Importance of Rapid Drying Immediately After Cutting
One of the often overlooked sources of dry matter and forage quality loss is respiration after mowing. Respiration is the breaking down of starch and sugars to produce energy (heat) and carbon dioxide. The process occurs in growing plants and continues after mowing, even in baleage and silage when heat is produced.
Data suggest that 2 to 8% of the dry matter may by lost due to respiration. Table 1 shows that, at current hay prices in the Midwest, a 4% dry matter loss results in $6.90 loss per ton of hay. Losses are greatest in the West where forage is often cut with a large cutter bar and put into a windrow that fits between the swather tires. This hay often takes 5 to 7 days to dry for baling, while some farmers of the same region put forage into a wide swath and bale it in two days. Not only does the faster drying time result in less dry matter loss but getting the hay off the field faster results in less wheel traffic damage to regrowth and higher yield of next cutting.
Respiration also causes a significant forage quality loss since lost starch and sugar were 100% digestible. As table 1 shows, loss of sugar/starch increases the content of remaining components. A 4% starch sugar loss would increase NDF slightly over 3%. Note that this is a drop of almost 20 points of RFQ. Thus if one had cut alfalfa at just below 40% NDF and lost 4% sugar/starch, the harvested quality would be above 40% NDF which is currently selling for about $50/t less!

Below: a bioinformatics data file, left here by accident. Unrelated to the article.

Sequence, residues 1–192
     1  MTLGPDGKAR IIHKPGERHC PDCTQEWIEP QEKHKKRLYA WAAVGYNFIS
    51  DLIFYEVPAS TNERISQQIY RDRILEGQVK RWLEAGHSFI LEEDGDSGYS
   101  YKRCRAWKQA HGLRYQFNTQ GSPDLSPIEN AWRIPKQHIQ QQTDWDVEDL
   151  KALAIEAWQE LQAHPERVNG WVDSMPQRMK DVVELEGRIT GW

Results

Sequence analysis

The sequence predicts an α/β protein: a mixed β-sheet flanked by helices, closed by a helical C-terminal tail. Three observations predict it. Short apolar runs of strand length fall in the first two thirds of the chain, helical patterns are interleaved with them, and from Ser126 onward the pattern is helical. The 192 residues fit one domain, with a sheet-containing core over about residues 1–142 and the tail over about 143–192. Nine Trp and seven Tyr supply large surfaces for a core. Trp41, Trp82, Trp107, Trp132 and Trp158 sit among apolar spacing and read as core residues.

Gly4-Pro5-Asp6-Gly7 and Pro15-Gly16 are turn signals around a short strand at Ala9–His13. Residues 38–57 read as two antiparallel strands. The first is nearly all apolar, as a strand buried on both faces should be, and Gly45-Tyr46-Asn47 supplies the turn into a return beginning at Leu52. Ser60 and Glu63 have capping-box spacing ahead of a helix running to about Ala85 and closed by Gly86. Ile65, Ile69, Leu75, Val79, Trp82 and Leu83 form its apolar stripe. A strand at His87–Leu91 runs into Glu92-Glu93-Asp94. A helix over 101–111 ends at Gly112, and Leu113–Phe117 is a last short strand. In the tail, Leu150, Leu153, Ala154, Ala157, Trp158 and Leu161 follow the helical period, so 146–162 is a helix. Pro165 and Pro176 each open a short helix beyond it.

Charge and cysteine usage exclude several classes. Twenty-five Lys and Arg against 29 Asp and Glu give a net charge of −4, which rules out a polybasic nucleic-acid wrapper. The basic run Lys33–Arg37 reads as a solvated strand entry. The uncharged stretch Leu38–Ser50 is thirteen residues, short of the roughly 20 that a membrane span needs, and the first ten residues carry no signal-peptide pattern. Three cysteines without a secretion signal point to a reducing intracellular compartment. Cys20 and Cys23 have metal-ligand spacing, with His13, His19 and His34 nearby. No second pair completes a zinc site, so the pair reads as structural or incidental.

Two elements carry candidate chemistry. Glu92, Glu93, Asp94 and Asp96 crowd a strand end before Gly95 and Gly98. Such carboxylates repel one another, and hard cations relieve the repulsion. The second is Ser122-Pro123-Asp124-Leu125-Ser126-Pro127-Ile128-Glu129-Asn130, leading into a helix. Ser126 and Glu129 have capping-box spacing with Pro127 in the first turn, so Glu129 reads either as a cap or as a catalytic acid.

What can be done to minimize losses from respiration? The first and largest good practice is to spread forage into a wide swath so that more sunlight is intercepted and stomates (breathing holes in the leaves) stay open to allow rapid drying of the leaves. Hay should be managed to dry to 60% moisture or less as quickly as possible, but at least the day it is cut. When forage moisture fall below 60% respiration is greatly reduced.
Hay that is put immediately into a windrow dries slowly inside the windrow and has high respiration rates for an extended time. Thus growers should spread cut hay into a wide swath (and drive over it) rather than to make a windrow that fits between the wheels.
Note that if a grower insists on putting forage immediately into a windrow and taking the respiration losses of sugar and starch, then the forage must be cut earlier to be below 40% NDF (150 RFQ) at baling or chopping if that is the goal. Cutting earlier to allow for the respiration losses means at least a 10% yield loss and greater stress on the stand thereby shortening its stand life.
A second method to reduce respiration losses is to make haylage in a pile or bunker or to make and wrap bales in plastic. Respiration requires oxygen. If packed tightly, the forage respiration will quickly use up the oxygen and respiration will stop. This practice is most effective reducing respiration losses if combined with forage put into a wide swath at cutting, dried quickly to 60 to 65% moisture and then ensiled or wrapped in a bale.
Forage is often 75 to 78% moisture when cut so the key to high yield of high quality forage is to manage so the first 15% moisture is lost as rapidly as possible. Reducing the unseen losses of respiration will increase yield and forage quality. Additionally, getting hay off the field faster will increase the yield of the next cutting.
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